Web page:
In his historical fiction, Yoshimura often wrote about those who had been overlooked in historical accounts. Frederik Schodt has described Ranald MacDonald as “a man who did an extraordinary thing and then fell through the cracks of history”. In this sense MacDonald was a prime subject for Yoshimura’s pen. Moriyama Einosuke, who figures prominently in Festival of the Sea, is another case in point. Having proven himself as Japan’s most accomplished interpreter of English, Moriyama played a crucial role in crafting the Bafuku’s (Shogunate) first treaties with all the other countries of the world. Moriyama negotiated with Commodore Perry, and later with Townsend Harris, but he also negotiated treaties with all the other European countries that demanded a role in the opening of Japan. In the 1850s and 1860s, Moriyama was virtually the only person who knew both sides of the equation – what a treaty said in English and what it said in Japanese. Both sides relied on him to ensure that they agreed on the same things. He continued with his work under enormous pressure, for truly the destiny of the Japanese Nation was on his shoulders. Once the new Meiji government took power, Moriyama disappeared from sight until Yoshimura redirected our attention to him. Moriyama’s disappearance from the scene was only partly due to the fact that the new Meiji government wanted its own interpreters, not those of the old Tokugawa government. It was also the case that Moriyama was simply burned out by the time the regime change too place. Some historians have held Moriyama responsible, unfairly in my opinion, of having led Japan to agree to ‘unequal treaties’. Indeed, those treaties he helped negotiate were unequal, but they also protected japan from being colonized by one or more of the Great powers, yet the indignity of the treaties rankled and some blamed Moriyama. So for many reasons Moriyama had been largely ignored by historians until Yoshimura illuminated his crucial role in the opening of Japan.

          We see something similar in the case of Hori Tatsunosuke, another interpreter and contemporary of Moriyama, about whom Yoshimura wrote in his historical novel Kurofune. Hori is known to history as the first Japanese to have a meaningful encounter with Commodore Perry’s squadron. He stepped aboard the Susquehanna and uttered three words in English: “I speak Dutch.” Hori was recognized as a man of competence as an interpreter of Dutch, but he had the ill luck to be stationed in Edo during the winter of 1848-49 and so was unable to receive tutelage in English from Ranald MacDonald. Throughout his career he was overshadowed by Moriyama who, thanks to MacDonald, had a greater facility in Spoken English and was able to consort more comfortably with foreigners. So, Hori experienced frustration and embarrassment, but he persevered, and in the end was able to make the transition to the new Meiji government which Moriyama did not (could not) do. And Hori compiled a Japanese-English dictionary – which Moriyama had begun to do but had not completed. Hori also became a respected teacher of English, an endeavor Moriyama rarely had time for.  In Yoshimura’s telling, perseverance paid off for Hori and in his own way had made a meaningful and lasting contribution to the opening of Japan. But he, too, has been largely forgotten. Yoshimura recognized this and clarified Hori’s role in history.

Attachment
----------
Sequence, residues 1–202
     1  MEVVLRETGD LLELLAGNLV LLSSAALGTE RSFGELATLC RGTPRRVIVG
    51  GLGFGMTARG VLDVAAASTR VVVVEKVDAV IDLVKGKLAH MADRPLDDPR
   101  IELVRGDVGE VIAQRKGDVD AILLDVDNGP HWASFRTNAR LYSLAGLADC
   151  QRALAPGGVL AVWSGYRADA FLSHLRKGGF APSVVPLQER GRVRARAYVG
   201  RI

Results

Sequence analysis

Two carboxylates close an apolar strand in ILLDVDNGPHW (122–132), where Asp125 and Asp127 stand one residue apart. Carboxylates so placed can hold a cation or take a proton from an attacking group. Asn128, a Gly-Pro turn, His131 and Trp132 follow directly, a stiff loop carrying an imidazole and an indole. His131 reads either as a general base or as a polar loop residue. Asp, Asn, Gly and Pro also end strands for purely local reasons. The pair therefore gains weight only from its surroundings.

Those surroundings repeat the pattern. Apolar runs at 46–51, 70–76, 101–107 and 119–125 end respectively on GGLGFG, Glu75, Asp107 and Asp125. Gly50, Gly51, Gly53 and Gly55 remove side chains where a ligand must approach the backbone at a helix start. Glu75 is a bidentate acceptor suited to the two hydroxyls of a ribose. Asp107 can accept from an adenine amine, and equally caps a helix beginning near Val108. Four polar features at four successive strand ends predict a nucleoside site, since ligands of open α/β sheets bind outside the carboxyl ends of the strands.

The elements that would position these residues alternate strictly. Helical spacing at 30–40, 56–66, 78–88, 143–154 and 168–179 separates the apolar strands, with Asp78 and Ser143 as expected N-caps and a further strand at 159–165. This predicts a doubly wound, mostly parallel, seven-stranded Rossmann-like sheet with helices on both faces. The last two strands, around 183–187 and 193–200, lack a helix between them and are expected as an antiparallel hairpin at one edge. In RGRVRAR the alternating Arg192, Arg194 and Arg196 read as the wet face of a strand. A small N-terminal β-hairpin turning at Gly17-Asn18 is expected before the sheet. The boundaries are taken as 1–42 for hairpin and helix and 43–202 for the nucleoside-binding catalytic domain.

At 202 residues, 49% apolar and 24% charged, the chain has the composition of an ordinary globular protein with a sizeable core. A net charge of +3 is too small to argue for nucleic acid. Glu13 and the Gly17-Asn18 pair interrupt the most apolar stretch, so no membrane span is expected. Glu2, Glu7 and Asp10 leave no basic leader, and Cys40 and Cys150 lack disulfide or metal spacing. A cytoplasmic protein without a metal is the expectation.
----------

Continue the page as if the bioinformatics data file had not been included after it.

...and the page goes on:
One of the hallmarks of Yoshimura’s historical fiction is the celebration of those forgotten figures who, through their dedication and perseverance, have made meaningful and lasting contributions. Certainly we see this in Festival of the Sea where Ranald MacDonald had the courage and determination to wade ashore alone in a country where foreigners were forbidden to set foot, and in Moriyama, who stood exposed and alone as Japan’s spokesman to the other nations of the world. These were remarkable men who did remarkable things, and Yoshimura Akira was the bard who brought their stories to life. ~ S.K.